Over the next year, the Trafficking Past team will continue to strengthen our collaboration with a number of Australian Institutions, especially the Laureate Research Programme in International History at the University of Sydney. On 21 August 2017, Philippa will be presenting on ‘Imperial Governmentalities and the Campaign Against the Traffic in Women in the Russian Empire‘ at the University of Sydney History department, and on 18 September she will present ‘Between Moscow, Geneva and Shanghai: The League of Nations’ campaigns against the traffic in Russian women refugees from the Soviet Union‘ at the Gender Institute within the Australian National University. Then, on April 12-13 2018, Julia and Philippa will travel to Australia to co-host the workshop ‘Trafficking, Smuggling and Illicit Migration in International History: New Geographic and Scalar Perspectives’ with Professor Glenda Sluga of the Laureate Research Programme in International History, University of Sydney.
This latter workshop, which will bring together scholars working on or based in Oceania and the Asia-Pacific region, will ask how our global and international histories of trafficking and illicit migration change if we bring new geographies into the mix, and in doing so open up the geopolitics of our scholarly discussions about intimate labour and illicit migration. At the same time, it will centre questions of scale in our discussions of trafficking, interrogating the analytic distinctions made between the micro/local and the macro/global levels of analysis in histories of trafficking and illicit migration.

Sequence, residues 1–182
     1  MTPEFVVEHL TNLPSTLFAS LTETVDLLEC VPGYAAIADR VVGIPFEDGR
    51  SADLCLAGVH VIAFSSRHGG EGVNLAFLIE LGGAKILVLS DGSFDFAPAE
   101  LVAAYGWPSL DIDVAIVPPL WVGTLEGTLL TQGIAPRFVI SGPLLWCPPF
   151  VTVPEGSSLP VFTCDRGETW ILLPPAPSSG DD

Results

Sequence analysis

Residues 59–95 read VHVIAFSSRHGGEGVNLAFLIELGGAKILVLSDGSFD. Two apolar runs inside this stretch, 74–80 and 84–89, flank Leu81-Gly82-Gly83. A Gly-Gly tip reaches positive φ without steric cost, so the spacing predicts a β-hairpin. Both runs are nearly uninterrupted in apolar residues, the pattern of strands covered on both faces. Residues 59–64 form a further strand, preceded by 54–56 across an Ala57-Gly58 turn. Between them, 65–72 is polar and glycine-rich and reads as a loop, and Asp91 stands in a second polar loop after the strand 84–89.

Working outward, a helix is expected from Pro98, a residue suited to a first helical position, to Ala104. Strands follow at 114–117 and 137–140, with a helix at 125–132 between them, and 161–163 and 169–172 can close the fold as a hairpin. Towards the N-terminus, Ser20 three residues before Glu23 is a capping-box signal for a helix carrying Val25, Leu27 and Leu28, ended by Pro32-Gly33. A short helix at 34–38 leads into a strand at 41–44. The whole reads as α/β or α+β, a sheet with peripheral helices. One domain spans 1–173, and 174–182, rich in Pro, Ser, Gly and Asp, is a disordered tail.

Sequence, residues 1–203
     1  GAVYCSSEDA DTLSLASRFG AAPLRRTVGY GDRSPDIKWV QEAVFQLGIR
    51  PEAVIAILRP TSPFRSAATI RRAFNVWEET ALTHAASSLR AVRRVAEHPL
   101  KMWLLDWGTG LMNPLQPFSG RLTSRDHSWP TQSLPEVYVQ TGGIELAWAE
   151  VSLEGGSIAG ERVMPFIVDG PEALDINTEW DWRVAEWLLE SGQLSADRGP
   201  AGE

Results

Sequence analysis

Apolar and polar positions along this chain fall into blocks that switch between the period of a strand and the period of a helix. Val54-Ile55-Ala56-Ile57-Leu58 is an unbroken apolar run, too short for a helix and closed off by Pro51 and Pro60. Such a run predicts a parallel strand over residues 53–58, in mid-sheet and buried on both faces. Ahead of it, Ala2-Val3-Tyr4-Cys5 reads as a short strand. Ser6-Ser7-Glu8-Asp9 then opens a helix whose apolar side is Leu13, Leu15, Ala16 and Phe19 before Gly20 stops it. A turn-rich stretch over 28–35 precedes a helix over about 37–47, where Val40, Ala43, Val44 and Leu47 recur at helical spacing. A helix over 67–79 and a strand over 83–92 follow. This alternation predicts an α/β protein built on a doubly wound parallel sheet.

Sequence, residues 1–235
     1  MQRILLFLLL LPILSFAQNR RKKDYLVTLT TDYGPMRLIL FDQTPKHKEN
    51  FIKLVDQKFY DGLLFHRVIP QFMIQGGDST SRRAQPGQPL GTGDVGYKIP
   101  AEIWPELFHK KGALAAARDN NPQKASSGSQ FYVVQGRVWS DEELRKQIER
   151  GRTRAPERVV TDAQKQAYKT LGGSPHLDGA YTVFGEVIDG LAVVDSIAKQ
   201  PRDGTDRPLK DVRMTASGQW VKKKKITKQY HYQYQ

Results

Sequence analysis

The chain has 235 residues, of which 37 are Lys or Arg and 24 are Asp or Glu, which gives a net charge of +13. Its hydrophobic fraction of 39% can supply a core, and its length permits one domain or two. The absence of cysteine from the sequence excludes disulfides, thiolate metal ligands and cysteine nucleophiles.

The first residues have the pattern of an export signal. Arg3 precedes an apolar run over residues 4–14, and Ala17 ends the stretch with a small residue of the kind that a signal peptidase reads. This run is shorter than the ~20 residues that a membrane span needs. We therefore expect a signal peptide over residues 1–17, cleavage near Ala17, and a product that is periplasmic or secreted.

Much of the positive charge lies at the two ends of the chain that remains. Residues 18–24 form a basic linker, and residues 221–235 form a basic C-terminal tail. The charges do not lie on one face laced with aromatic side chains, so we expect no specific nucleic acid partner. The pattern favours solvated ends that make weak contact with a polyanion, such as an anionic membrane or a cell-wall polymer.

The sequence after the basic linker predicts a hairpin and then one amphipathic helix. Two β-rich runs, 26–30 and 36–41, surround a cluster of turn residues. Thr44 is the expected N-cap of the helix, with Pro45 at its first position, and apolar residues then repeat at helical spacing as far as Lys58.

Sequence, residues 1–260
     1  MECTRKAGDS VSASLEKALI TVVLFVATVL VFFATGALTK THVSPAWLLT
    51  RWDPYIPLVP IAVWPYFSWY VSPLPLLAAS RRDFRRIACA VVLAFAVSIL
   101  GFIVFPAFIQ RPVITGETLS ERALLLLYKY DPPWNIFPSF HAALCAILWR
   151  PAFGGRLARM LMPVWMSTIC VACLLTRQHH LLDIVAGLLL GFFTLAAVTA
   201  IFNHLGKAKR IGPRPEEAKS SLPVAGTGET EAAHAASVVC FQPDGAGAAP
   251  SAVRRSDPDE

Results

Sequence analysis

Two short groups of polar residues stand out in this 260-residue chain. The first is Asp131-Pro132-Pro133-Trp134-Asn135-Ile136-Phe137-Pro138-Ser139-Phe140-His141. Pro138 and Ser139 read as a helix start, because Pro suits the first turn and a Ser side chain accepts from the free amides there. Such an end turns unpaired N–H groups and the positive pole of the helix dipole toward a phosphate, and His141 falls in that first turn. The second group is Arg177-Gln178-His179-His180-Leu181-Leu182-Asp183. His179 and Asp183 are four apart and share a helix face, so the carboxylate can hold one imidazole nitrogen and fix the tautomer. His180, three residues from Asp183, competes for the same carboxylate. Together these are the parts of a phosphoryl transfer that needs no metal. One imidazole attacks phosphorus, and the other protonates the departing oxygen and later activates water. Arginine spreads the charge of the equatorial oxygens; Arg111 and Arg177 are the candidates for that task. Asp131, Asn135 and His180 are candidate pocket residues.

More broadly, we hope that our ongoing collaboration with Australian universities will not only help to forge lasting connections between humanities scholars based in the UK and Australia, but will also help us to reframe our ongoing discussions about sex and illicit migration through engagement with a new geographic context. Much of the existing literature on trafficking focuses on the Europe to North/South America nexus, with emergent work also emphasising the Middle East and South Asia. Little scholarship thus far has examined Australia or New Zealand. The work of Trafficking Past PI, Julia Laite, seeks to address precisely this lacuna, as her forthcoming monograph on trafficking throughout the British Empire (including Oceania) will elaborate. By engaging with Australian scholars and institutions, we hope to internationalise further the field of trafficking history and place the British and Russian genealogies we trace in a truly global perspective.